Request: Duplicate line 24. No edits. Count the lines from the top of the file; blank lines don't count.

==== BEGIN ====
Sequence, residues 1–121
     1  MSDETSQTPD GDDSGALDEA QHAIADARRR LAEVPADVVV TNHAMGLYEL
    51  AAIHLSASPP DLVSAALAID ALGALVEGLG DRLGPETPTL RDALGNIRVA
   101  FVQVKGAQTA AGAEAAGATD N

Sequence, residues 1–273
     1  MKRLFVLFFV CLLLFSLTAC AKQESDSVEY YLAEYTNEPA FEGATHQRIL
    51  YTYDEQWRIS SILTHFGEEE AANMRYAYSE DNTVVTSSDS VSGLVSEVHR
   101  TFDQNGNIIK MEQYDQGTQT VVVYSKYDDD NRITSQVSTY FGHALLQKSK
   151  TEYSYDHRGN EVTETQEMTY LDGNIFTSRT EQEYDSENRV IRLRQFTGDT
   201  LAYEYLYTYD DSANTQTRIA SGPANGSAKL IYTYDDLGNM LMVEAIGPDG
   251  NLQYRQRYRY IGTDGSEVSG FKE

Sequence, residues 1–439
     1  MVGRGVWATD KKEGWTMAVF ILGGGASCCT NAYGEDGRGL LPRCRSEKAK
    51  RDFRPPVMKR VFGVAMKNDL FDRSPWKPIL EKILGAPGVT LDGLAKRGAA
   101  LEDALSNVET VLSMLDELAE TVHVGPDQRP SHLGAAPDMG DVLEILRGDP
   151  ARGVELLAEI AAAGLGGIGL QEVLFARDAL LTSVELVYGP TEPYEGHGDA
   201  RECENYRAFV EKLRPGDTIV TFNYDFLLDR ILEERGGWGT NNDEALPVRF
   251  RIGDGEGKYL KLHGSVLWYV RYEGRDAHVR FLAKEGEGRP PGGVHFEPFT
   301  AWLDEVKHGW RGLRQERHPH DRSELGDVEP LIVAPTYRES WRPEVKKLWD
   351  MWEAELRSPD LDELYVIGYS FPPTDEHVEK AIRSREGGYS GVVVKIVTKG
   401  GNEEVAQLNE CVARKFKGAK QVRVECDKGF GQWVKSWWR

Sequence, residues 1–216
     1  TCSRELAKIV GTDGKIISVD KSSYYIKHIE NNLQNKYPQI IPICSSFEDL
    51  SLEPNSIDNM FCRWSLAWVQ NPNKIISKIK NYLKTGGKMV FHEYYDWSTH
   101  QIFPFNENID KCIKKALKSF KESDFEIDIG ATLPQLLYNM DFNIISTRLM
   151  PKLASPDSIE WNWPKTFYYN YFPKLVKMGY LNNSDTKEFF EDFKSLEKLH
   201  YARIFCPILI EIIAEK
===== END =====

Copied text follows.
    51  SLEPNSIDNM FCRWSLAWVQ NPNKIISKIK NYLKTGGKMV FHEYYDWSTH